It was a beautiful weekend, and you can top it off by viewing a lunar eclipse.
A total lunar eclipse will happen Sunday evening, with the full moon passing through the earth’s shadow.
Times on the eclipse image above are in Universal time; subtract 5 hours to get Central Daylight Time. For example: 03:29 a.m. Monday Universal time is 10:29 p.m. Sunday Central Daylight Time.
According to NASA, this is why the moon will look coppery-red during the total eclipse phase:
The Moon moves into the inner part of Earth’s shadow, or the umbra. Some of the sunlight passing through Earth’s atmosphere reaches the Moon’s surface, lighting it dimly. Colors with shorter wavelengths ― the blues and violets ― scatter more easily than colors with longer wavelengths, like red and orange. Because these longer wavelengths make it through Earth’s atmosphere, and the shorter wavelengths have scattered away, the Moon appears orangish or reddish during a lunar eclipse. The more dust or clouds in Earth’s atmosphere during the eclipse, the redder the Moon appears.
According to timeanddate.com the timing of the lunar eclipse looks like this in Minneapolis:
9:27 p.m. partial eclipse begins.
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10:29 p.m. total eclipse begins (moon is coppery red)
11:53 p.m. total eclipse ends.
12:55 a.m. partial eclipse ends.
Times will be slightly different in other parts of Minnesota and western Wisconsin. The linked location also has an excellent animation of how the eclipse will progress.
NASA also has several excellent eclipse animations. You can select Central Daylight Time or just subtract 5 hours from each image at the NASA site that uses Universal Time.
If you miss Sunday’s lunar eclipse, when is the next one?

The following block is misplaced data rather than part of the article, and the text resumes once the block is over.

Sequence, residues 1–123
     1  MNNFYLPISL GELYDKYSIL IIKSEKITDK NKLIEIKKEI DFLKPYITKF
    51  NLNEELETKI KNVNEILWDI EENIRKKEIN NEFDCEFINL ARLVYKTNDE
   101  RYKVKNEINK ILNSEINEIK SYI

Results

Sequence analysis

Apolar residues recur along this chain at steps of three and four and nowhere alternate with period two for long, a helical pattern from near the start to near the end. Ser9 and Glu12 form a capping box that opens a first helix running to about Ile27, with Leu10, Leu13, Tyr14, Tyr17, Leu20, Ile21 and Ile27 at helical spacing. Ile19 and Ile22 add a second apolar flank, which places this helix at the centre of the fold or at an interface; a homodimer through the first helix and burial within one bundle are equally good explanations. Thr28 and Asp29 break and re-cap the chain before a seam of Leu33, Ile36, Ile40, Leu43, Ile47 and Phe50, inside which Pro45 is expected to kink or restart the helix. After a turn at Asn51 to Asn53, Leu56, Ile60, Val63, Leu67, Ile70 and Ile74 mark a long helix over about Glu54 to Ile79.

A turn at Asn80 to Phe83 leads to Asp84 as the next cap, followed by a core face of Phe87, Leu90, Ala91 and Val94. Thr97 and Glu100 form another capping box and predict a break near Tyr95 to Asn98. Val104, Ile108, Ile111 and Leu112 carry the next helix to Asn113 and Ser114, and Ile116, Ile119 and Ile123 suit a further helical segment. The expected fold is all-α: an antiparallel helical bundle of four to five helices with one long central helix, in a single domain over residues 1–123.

According to timeanddate.com, the next total lunar eclipse visible in the Twin Cities is Nov. 7 into Nov. 8. After that date, the next total lunar eclipse visible here is in March of 2025.
Our Sunday high temp at Minneapolis-St. Paul International Airport was 75 degrees; that’s 6 degrees warmer than our average May 15 high in the Twin Cities.
Monday highs in the metro area and southern Minnesota will reach the lower 70s, with 60s in central Minnesota and 50s to the north:
Twin Cities metro area highs are projected to reach the upper 60s on Tuesday, followed by lower 70s Wednesday, then upper 70s Thursday and mid 60s on Friday.
A few spotty sprinkles are possible in Minnesota and western Wisconsin early Sunday evening. Monday looks dry in most areas. Shower and thunderstorm chances return to the southern half of Minnesota on Tuesday. A batch of strong to severe thunderstorms could arrive on Thursday and linger into Thursday night.
Flood warnings (shaded green) continue in portions of northeastern Minnesota and a small part of north-central Minnesota:
Snowmelt plus generous rains the past couple of weeks are causing very high river and stream levels in some areas and lake levels are also high in many locations. According to the NWS, the Pigeon River near Grand Portage exceeded its record water level a few days ago.
This video was posted Sunday by MPR’s Andrew Krueger:
The Cascade River (about midway between Lutsen and Grand Marais, Minn.) is still very high, this video is from Saturday:
The Rainy River and Rainy Lake Basin have very high water levels:
Updates on the flooding in portions of northeastern and north-central Minnesota can be found at the NWS Duluth site.
Flood warnings continue along the Red River in northwestern Minnesota and in several additional locations:
Updates on the flooding in portions of northwestern Minnesota can be found by clicking on any location on the NWS Grand Forks site.
Several small areas in the remainder of Minnesota have flood warnings:
Updates on the flooding warnings can be found by clicking on any location on the NWS Twin Cities site.
Hydrographs of river levels
NOAA’s Advanced Hydrologic Prediction Service site shows river gauges across our region. You can click on any gauge at that site to get recent and current river levels plus the forecast levels over the next few days.
Here’s the hydrograph for the Minnesota River at Montevideo, Minnesota, which is now at moderate flood stage and is expected to reach major flood stage by Monday evening:
The Mississippi River at St. Paul is expected to approach minor flood stage on Saturday:
River level forecasts are updated by NWS hydrologists.
You can hear my live weather updates on MPR News at 7:35 a.m., 9:35 a.m. and 4:39 p.m. each Saturday and Sunday.